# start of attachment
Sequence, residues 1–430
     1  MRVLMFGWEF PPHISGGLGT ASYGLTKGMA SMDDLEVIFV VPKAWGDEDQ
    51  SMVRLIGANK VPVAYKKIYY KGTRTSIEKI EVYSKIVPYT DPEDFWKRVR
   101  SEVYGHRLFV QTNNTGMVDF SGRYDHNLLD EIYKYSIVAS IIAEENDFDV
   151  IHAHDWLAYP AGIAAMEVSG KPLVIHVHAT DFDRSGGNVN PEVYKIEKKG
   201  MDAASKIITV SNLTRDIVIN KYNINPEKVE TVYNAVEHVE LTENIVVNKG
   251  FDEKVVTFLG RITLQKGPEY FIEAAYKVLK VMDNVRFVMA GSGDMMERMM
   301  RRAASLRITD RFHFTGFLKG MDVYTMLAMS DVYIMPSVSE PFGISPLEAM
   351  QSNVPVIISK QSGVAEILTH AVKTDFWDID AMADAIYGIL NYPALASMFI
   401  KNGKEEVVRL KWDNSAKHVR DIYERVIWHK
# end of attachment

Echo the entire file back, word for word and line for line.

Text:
Sequence, residues 1–430
     1  MRVLMFGWEF PPHISGGLGT ASYGLTKGMA SMDDLEVIFV VPKAWGDEDQ
    51  SMVRLIGANK VPVAYKKIYY KGTRTSIEKI EVYSKIVPYT DPEDFWKRVR
   101  SEVYGHRLFV QTNNTGMVDF SGRYDHNLLD EIYKYSIVAS IIAEENDFDV
   151  IHAHDWLAYP AGIAAMEVSG KPLVIHVHAT DFDRSGGNVN PEVYKIEKKG
   201  MDAASKIITV SNLTRDIVIN KYNINPEKVE TVYNAVEHVE LTENIVVNKG
   251  FDEKVVTFLG RITLQKGPEY FIEAAYKVLK VMDNVRFVMA GSGDMMERMM
   301  RRAASLRITD RFHFTGFLKG MDVYTMLAMS DVYIMPSVSE PFGISPLEAM
   351  QSNVPVIISK QSGVAEILTH AVKTDFWDID AMADAIYGIL NYPALASMFI
   401  KNGKEEVVRL KWDNSAKHVR DIYERVIWHK